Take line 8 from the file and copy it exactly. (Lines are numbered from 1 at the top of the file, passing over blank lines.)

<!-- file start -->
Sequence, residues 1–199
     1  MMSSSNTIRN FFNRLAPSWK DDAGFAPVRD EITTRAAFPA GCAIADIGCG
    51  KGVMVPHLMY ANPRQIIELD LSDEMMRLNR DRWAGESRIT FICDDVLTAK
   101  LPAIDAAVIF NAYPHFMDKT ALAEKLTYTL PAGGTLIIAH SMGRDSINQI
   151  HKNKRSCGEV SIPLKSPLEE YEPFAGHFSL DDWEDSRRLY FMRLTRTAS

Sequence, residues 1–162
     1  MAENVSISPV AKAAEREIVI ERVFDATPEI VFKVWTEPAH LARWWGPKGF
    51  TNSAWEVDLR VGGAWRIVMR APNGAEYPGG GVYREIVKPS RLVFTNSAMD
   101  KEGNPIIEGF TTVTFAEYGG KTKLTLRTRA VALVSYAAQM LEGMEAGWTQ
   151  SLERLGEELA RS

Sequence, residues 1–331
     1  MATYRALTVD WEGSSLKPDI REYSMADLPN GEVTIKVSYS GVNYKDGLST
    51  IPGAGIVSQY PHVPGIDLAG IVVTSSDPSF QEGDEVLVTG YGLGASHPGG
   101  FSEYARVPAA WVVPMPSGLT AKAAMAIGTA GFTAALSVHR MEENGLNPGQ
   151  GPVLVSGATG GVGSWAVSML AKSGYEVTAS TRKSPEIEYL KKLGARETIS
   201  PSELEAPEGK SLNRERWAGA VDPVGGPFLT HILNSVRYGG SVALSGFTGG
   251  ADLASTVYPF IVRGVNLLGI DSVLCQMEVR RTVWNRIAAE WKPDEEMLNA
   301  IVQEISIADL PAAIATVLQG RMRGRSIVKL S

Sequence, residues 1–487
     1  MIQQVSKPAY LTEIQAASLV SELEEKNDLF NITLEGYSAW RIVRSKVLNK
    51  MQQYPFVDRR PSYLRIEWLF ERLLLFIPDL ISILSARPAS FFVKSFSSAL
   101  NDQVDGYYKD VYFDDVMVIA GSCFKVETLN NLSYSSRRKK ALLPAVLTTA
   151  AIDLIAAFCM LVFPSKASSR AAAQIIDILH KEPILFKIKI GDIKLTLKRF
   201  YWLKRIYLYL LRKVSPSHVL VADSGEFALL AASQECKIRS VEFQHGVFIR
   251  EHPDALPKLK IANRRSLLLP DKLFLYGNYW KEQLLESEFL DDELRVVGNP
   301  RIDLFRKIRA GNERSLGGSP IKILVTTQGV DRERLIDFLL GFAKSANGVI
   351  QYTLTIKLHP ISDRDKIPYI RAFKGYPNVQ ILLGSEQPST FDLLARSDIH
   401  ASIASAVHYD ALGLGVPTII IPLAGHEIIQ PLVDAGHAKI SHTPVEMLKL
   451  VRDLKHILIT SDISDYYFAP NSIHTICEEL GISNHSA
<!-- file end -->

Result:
    51  TNSAWEVDLR VGGAWRIVMR APNGAEYPGG GVYREIVKPS RLVFTNSAMD